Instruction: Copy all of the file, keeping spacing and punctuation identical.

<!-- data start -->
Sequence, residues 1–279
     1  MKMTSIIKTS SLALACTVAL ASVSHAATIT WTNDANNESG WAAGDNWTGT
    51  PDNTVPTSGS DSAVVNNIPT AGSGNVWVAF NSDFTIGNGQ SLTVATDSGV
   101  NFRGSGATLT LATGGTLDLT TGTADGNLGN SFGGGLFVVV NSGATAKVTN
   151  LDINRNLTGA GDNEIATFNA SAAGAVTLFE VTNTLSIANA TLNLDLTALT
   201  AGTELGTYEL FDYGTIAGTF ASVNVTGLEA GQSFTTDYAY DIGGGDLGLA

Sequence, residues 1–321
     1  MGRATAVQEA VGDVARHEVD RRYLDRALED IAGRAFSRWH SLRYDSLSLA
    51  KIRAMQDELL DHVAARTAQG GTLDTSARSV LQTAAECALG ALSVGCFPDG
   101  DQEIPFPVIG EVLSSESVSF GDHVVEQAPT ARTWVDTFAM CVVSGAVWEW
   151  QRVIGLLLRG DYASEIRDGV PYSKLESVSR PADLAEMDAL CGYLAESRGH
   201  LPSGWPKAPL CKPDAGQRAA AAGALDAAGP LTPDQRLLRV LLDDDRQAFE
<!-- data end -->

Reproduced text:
Sequence, residues 1–279
     1  MKMTSIIKTS SLALACTVAL ASVSHAATIT WTNDANNESG WAAGDNWTGT
    51  PDNTVPTSGS DSAVVNNIPT AGSGNVWVAF NSDFTIGNGQ SLTVATDSGV
   101  NFRGSGATLT LATGGTLDLT TGTADGNLGN SFGGGLFVVV NSGATAKVTN
   151  LDINRNLTGA GDNEIATFNA SAAGAVTLFE VTNTLSIANA TLNLDLTALT
   201  AGTELGTYEL FDYGTIAGTF ASVNVTGLEA GQSFTTDYAY DIGGGDLGLA

Sequence, residues 1–321
     1  MGRATAVQEA VGDVARHEVD RRYLDRALED IAGRAFSRWH SLRYDSLSLA
    51  KIRAMQDELL DHVAARTAQG GTLDTSARSV LQTAAECALG ALSVGCFPDG
   101  DQEIPFPVIG EVLSSESVSF GDHVVEQAPT ARTWVDTFAM CVVSGAVWEW
   151  QRVIGLLLRG DYASEIRDGV PYSKLESVSR PADLAEMDAL CGYLAESRGH
   201  LPSGWPKAPL CKPDAGQRAA AAGALDAAGP LTPDQRLLRV LLDDDRQAFE